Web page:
Published January 13, 2022

Davarian L. Baldwin (In the Shadow of the Ivory Tower: How Universities are Plundering Our Cities) discusses how universities have become big business and the costs for those living in their shadows, with Jalane Schmidt, director of the UVA Democracy Initiative’s Memory Project and associate professor of Religious Studies.

Watch the recording of this event:

There is a Discussion Guide to accompany the book, which is AVAILABLE HERE. You can also explore some of the resources mentioned in the discussion here: 

In addition, there were two questions that we ran out of time to cover in the event, and Dr. Baldwin has kindly responded to them here: 

  • How do you make sense (emotionally) of your positionality as a member of the academy who ostensibly benefits from this exploitation of the surrounding community? I ask this as a fellow academic and a Black woman who is troubled by my relationship to the University but also sees this relationship as an opportunity for doing good work.

DLB: Yes, there is an emotional reality that cannot be confined by intellectual considerations. However, in the face of this challenge, of being in an institution that does exploit, my response cannot be inertia. I think the problem, is that most of us who exist in these institutions offer critique, are frustrated but fail to act. Of course, we have to act differently based on our levels of security. But with tenure and a public profile I wrote this book and followed up with a Smart Cities Lab to not just share information but to advocate on behalf of communities. Is this perfect, no? But my next step is to provide a model and build advocacy for other scholars to see different pathways for being in and not necessarily of these institutions, including my work with collective bodies like Scholars for Social Justice and Scholars for a New Deal in Higher Education, which means going from my individual advocacy to a collective mobilization. I hope this helps. 

  • Universities have lawyers to defend their interests. To what extent do public-interest lawyers and the media get involved to help protect public interests?

DLB: Oh yes, there is an incredible need for lawyers, media specialists and other professionals and advocates with skill sets. As you mention, these institutions are multi-layered and we need advocates with skillsets that match those capacities which includes accountants, engineers, scientists, real estate specialists, anyone that can match the capacity of higher education institutions but driven by a mission to liberate and democratize and not simply hoard and privatize, if that makes sense. To be specific, media specialists can interpret university press releases and distribute alternative documents. Lawyers can analyze contracts or even file lawsuits on behalf communities seeking redress from tax-abatement. We need accountants and real estate specialists who can assess the land use activities on campuses and make appeals to county assessors for tax compensation with regard to for-profit activity. These are just a few examples.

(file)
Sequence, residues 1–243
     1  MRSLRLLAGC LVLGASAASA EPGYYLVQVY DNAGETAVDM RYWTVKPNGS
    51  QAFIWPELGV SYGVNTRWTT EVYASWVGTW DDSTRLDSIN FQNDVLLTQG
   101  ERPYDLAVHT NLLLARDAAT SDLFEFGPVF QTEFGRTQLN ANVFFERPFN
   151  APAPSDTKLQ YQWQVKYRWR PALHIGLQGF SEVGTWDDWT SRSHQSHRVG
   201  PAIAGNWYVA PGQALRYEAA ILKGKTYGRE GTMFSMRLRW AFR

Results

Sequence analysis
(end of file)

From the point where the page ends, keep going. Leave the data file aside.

In the Shadow of the Ivory Tower takes readers from Hartford to Chicago and from Phoenix to Manhattan, revealing the increasingly parasitic relationship between universities and our cities. Through eye-opening conversations with city leaders, low-wage workers tending to students’ needs, and local activists fighting encroachment, scholar Davarian L. Baldwin makes clear who benefits from unchecked university power—and who is made vulnerable.

A wake-up call to the reality that higher education is no longer the ubiquitous public good it was once thought to be, Baldwin shows there is an alternative vision for urban life, one that necessitates a more equitable relationship between our cities and our universities.

“A well-informed and highly critical study of higher education’s “increasingly powerful hold” over U.S. cities… Combining in-depth research, practicable models of reform (e.g. the University of Winnipeg’s sustainable development program), and the lively voices of community organizers and college insiders, Baldwin makes a convincing case. This passionate call to hold universities more accountable resonates.”―Publishers Weekly

“A cogent analysis of an urban-growth phenomenon that is rarely done well or equitably.”―Kirkus Reviews

“Baldwin brings his incisive insights and analysis to bear in a devastating critique of our dated and quaint notions of universities and colleges as egalitarian sites of learning and cultural production. He unmasks ‘UniverCities’ as growth machines, unleashing gentrification, stewarding large police forces, cheating tax coffers while exploiting low wage Black and Brown labor throughout the campus.”―Keeanga-Yamahtta Taylor, author of Race for Profit: How Banks and the Real Estate Industry Undermined Black Homeownership

“Insightful, compelling, and timely. This book lays the groundwork for the role of universities in creating equitable and just cities.”―Ibram X. Kendi, National Book Award-winning author of Stamped from the Beginning and How to Be an Antiracist

Community Partners

Thanks to New Humanities, our organizational co-host for this event. A project of Virginia Humanities, New Humanities is a community-driven media project designed to document and preserve the history of families in one of Charlottesville, Virginia’s historically Black neighborhoods. The project works closely with 10th and Page residents to digitize their physical materials and to record oral histories.

We also appreciate the support of our community partner, the University and Community Action for Racial Equity (UCARE), for helping share information about this event.

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